What Will Happen to the Drayton Avenue Church?

What Will Happen to the Drayton Avenue Church?

By Sara Teller

THE CONGREGATION OF DRAYTON AVENUE PRESBYTERIAN CHURCH RECENTLY RELOCATED from Ferndale to Berkley. The number of attendees had dwindled drastically in recent years. At the time of relocation, the church had less members than when it originally opened in the 1920s. The decision was based on limited funding and an inability to continue meeting in the original structure, a cherished Ferndale landmark for almost a century.

The move has affected the whole neighborhood. “We moved next door to the church four years ago,” said Ferndale resident Tina Towell. “The decision to move here was logical – our family is here, and we wanted to be close to our grandchildren.” Towell described how she and partner Richard Christensen knew they’d be in the neighborhood for many years and immediately started renovating, creating their dream home. “We’ve put a lot into our house, invested a lot,” she said.

They couldn’t believe it when the congregation quickly and quietly vacated the historical building. “We loved having the church next door,” she said. “We loved hearing the chimes that would play. There were actually two congregations, one LGBT, with a daycare, a school, and a catering business that used the kitchen. We got to know the caterer pretty well.” As she peered over at the lot, she added, “Looks like all the furniture and other items are gone now.”

The original church building was eventually purchased by a developer, Designhaus Architecture, and the company drew up plans to put in over three dozen apartments. “About six to eight months ago, the neighbors told us the church was for sale. Then, about two or three months ago, we heard someone was interested in turning it into apartments. The original plans called for 36 apartments, I believe, including a six-townhouse complex in the parking lot,” Towell explained, saying they couldn’t fathom where that many would even go. “The townhouses would be right behind us. And, there just wasn’t adequate parking, absolutely no green space,” she said.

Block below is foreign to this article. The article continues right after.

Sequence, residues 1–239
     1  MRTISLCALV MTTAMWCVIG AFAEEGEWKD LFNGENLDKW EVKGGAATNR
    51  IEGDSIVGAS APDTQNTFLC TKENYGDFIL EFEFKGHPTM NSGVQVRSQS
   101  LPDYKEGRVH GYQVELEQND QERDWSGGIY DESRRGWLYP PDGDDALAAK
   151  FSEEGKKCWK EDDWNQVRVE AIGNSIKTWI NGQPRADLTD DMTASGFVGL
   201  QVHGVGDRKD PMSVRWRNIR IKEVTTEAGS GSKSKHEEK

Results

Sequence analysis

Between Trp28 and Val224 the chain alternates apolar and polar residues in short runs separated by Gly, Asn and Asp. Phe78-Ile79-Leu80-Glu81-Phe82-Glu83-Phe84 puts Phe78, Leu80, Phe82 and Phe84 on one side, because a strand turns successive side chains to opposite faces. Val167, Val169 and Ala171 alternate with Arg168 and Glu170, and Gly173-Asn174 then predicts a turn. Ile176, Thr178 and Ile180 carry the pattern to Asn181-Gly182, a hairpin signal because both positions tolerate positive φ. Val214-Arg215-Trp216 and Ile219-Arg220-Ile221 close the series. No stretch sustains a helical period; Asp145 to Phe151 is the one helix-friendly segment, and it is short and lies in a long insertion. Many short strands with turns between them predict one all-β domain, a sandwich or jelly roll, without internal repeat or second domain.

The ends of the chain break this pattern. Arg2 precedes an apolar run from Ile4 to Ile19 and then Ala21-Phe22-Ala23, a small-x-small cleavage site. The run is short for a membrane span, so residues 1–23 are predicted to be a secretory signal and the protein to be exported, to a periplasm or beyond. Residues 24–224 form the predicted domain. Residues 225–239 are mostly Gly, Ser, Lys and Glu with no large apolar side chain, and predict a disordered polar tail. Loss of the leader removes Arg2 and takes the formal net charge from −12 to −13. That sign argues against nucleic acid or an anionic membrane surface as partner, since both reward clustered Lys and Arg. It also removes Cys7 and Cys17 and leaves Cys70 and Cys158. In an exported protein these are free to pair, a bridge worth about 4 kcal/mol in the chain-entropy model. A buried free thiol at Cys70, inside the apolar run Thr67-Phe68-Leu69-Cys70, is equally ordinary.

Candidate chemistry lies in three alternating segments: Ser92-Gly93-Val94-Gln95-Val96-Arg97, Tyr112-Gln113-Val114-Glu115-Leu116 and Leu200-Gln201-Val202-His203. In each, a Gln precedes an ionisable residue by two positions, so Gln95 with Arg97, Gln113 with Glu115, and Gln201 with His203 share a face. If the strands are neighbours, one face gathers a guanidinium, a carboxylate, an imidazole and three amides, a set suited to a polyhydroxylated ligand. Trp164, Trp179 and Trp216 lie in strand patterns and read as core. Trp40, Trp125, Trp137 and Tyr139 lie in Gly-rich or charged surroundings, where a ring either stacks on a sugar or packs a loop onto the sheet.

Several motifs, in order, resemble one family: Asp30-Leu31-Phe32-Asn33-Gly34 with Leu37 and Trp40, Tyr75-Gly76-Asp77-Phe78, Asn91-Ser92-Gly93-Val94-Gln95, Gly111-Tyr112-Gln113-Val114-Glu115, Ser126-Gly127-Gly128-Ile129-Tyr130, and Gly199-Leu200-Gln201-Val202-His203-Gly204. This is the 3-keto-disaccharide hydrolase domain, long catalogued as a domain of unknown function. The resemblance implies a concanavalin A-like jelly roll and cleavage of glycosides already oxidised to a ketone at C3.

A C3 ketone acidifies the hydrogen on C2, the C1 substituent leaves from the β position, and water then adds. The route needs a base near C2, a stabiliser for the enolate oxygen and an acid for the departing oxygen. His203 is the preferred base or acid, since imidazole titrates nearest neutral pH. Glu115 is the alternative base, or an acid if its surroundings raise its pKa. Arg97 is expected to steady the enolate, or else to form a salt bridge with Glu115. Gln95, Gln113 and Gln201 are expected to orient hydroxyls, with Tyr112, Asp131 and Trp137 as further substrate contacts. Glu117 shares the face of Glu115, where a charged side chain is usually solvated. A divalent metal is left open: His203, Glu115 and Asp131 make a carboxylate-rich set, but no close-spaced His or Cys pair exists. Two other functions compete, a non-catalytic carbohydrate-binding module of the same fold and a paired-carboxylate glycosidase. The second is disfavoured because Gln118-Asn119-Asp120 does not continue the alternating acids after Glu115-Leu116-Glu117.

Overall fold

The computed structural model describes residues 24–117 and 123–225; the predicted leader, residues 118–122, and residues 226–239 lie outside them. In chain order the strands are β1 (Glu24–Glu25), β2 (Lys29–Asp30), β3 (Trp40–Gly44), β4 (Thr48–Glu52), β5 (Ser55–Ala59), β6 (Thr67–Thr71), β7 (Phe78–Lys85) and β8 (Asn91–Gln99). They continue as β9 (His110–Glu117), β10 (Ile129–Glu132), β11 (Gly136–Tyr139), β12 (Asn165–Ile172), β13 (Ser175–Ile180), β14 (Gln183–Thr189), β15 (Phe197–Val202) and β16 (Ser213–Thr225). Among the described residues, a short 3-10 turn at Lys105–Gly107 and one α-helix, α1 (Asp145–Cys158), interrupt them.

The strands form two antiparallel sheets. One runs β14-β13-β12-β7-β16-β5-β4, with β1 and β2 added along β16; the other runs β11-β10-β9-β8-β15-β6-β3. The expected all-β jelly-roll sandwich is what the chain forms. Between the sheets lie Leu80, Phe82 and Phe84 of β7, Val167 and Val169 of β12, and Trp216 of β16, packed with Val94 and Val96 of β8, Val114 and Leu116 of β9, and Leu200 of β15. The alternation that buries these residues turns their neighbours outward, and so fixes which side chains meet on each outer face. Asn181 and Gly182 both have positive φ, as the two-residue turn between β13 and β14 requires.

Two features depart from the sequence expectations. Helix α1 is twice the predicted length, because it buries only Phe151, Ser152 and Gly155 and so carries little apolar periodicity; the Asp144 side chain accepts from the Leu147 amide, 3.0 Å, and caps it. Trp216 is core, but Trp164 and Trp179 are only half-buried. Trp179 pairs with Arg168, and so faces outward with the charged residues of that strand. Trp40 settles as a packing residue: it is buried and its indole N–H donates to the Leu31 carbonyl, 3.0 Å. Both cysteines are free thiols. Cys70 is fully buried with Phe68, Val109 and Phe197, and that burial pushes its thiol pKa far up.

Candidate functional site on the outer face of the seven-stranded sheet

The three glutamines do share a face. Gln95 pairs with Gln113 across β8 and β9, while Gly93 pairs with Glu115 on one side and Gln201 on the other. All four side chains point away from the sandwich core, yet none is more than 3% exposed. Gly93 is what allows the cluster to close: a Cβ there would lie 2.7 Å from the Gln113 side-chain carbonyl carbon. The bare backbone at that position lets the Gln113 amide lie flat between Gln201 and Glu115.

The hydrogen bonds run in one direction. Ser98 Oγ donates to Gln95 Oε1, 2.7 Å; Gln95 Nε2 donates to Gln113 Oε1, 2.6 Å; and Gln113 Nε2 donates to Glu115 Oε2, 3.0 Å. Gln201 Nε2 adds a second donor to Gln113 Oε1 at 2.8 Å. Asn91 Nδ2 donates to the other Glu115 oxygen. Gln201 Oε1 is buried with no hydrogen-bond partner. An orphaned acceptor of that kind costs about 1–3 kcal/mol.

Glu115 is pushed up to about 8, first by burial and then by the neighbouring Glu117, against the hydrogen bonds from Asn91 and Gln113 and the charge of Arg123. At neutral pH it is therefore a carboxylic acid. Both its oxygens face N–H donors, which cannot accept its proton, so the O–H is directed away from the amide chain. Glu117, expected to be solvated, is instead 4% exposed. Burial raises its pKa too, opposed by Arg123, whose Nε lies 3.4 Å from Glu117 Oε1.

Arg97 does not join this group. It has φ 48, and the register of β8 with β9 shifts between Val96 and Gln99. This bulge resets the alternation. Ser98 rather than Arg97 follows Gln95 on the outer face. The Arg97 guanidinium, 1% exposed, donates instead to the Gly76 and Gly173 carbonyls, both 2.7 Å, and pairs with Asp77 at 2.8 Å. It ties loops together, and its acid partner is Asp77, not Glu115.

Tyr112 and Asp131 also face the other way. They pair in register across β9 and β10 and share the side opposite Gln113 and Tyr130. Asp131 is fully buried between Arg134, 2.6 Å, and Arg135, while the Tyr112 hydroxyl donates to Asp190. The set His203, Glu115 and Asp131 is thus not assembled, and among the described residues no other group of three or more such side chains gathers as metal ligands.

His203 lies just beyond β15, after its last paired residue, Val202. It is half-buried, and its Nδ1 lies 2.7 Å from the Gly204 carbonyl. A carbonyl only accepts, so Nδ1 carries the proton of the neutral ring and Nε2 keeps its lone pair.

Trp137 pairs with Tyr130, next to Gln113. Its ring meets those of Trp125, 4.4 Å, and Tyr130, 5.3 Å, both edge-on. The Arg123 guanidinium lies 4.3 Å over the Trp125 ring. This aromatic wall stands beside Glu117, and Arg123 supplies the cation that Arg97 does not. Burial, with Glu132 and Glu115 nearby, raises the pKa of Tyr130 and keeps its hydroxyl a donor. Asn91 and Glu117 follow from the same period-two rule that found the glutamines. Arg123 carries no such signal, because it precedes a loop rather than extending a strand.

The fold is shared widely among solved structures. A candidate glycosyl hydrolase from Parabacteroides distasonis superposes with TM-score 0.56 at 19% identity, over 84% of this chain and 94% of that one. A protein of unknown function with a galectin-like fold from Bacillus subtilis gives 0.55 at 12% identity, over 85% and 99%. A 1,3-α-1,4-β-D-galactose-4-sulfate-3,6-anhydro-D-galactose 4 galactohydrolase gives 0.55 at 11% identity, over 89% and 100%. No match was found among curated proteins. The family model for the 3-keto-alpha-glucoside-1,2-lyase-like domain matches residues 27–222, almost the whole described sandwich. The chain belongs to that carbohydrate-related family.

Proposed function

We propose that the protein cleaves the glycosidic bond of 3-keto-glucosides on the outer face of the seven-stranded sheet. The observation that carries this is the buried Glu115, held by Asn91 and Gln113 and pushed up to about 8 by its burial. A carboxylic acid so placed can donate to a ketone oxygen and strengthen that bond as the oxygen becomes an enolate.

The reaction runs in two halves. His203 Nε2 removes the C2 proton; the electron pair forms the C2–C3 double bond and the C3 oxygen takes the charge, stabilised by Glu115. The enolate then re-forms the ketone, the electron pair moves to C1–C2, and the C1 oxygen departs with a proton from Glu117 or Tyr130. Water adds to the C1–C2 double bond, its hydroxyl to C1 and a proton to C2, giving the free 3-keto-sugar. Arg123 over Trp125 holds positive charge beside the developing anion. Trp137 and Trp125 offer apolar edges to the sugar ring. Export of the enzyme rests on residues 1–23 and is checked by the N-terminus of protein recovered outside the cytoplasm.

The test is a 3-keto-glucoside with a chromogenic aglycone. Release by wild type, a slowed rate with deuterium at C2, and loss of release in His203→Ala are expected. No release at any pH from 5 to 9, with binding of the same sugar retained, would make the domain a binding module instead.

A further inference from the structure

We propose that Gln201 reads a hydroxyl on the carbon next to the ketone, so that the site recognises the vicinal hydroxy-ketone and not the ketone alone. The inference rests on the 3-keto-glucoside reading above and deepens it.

“Parking is already at a premium in Ferndale. Then, you have to consider the additional traffic coming in and out.”

DURING THE TRANSITION, RESIDENTS BEGAN to notice dumpsters close to their homes. “My grandchildren spend a lot of time here,” Towell said. “I don’t want to have to worry about the smell, rats, flies. And what about our property value?

Many in the neighborhood would like to see the space preserved and used for the benefit of the entire community. “We’d like to see an art center, artists’ loft, or community swimming pool go in there,” Towell offered. “The City could buy and convert it.”

The latest planning commission meeting concerning the matter was held on July 11. According to Towell, “[A number of residents] attended…many of us got up to protest the current site plan presented by the Designhaus developers. On Tuesday evening prior…we met as a group to discuss what we wanted and how to present it. So we stood our ground.”

On August 1, Ferndale City Planning Manager Justin Lyons stated, “Regarding the current plans for the site, the applicant applied for a conditional rezoning and site plan to reuse the existing church building with 30 apartment units. The Planning Commission held a public hearing on July 11th and took no action on the item. The next steps are for the developer to consider if they wish to make revisions to their conditional rezoning agreement and site plan, which would require another public hearing at the Planning Commission.”


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